A man from eastern Manitoba who lives with Fetal Alcohol Spectrum Disorder (FASD) says he wants to speak out more about what FASD is and how to prevent more children from being born with the disorder.
Chris Martin says his mom struggled with alcohol addiction and he, along with all his siblings, were born with FASD. Martin notes, for himself, he struggles with memory and concentrating on something without being easily distracted.
“When I was eight, maybe, my mom sent me away to a foster home. I didn’t really like it at first but it was best for her to send me away, to move into a good home,” he says. “Growing up with FASD, I struggle with it but I get through it and try to make a life better for me.”
Martin notes he struggled in school to understand some things being taught and did feel there was a degree of bullying because of his disorder.
“When I was in school a lot of people said I had a problem with reading or writing. They would make fun of me at school, but I felt bad for myself because I had that,” says Martin. “Bullying is another thing for people with FASD, I’ve seen that a lot. I see a lot of older people who have it and I stick up for them. Oh, ya, we got FASD, what do you got? You’re just a regular guy, you shouldn’t make fun of people with a disability or handicap. It’s not right. You got to stand up for other people.”
Martin has been working at two businesses, a bakery, and an aircraft maintenance shop, helping with various tasks.
“At Winnipeg River Aircraft, I cut the grass and I help out the guys with the maintenance of the planes. If the boss asks me to go for a plane ride, I sometimes go with, to pick up something or drop off a plane,” notes Martin. “At the bakery, I help with the sweeping and the packing of buns and folding boxes.”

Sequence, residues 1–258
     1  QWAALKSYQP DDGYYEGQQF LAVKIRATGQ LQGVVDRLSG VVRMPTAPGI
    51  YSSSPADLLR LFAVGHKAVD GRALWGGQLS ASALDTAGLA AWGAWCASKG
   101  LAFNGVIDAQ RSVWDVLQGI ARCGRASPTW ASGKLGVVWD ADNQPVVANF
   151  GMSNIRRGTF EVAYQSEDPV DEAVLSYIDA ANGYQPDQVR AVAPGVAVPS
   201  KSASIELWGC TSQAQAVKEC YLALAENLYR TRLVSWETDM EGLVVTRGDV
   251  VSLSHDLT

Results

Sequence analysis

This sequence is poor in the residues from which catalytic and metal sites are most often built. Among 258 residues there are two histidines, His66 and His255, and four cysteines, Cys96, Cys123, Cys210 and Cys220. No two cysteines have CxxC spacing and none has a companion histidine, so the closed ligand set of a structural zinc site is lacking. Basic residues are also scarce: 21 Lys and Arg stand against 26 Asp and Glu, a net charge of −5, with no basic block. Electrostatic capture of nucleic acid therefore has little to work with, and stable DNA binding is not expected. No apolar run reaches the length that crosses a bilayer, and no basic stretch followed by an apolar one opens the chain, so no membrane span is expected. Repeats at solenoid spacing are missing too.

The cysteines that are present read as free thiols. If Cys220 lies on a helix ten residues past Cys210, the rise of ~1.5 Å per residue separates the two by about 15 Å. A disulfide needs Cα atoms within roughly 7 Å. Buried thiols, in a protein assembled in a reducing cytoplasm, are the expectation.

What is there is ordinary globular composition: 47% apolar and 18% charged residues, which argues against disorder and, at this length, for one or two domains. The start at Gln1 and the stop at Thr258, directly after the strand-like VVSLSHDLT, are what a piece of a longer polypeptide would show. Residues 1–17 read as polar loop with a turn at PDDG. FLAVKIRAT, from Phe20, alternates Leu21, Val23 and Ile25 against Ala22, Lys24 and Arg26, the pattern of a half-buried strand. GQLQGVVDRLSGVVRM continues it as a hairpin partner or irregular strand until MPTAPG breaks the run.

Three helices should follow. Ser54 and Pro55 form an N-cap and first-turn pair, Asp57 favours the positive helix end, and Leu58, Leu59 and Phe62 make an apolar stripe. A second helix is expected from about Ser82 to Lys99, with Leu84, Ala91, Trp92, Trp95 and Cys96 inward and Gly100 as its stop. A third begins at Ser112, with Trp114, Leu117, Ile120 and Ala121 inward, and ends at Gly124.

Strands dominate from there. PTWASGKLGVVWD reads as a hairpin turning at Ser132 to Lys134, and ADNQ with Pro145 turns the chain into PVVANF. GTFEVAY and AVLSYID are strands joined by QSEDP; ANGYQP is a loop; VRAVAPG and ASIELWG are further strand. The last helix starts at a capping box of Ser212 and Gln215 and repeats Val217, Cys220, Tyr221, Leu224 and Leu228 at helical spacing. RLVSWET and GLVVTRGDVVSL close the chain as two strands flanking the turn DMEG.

He says he feels the people he works with are patient, understanding, and appreciate the work he does.
“Yes [for people to have] a little more patience for people with FASD. [Living with FASD] is like you have a hard drive that’s fairly slow on a computer and it takes a very long time to load. You’re waiting for hours for this hard drive to fill up and for some reason, you always get this error, it just messes everything up. Now it’s a complete loss and I have to start everything over again.”
Martin adds he wants women to think about their choice to drink while pregnant and know the consequences of their decisions. He says he wants to continue speaking out and telling people about FASD to help people better understand what it’s like to live with the disorder but also to help them understand what happens to children who are born to mothers who drank while pregnant and the consequences of those decisions.
“I wish it would never happen.”
According to Healthy Child Manitoba, effects from FASD can be lifelong physical, mental, cognitive, and behavioural disabilities. They add people with FASD are likely to have trouble with memory, understanding cause and effect, getting used to changes in routine, sensory stimulation, learning life skills, and forming and keeping healthy relationships.
Health Child Manitoba says there is no known safe amount of alcohol that can be consumed while pregnant. They add it’s best to avoid all alcohol consumption as the more alcohol and the more often a women drinks while pregnant, the great the chance of harming the unborn baby.
Retrieved from: https://steinbachonline.com/local/talking-about-fasd-and-helping-people-understand-it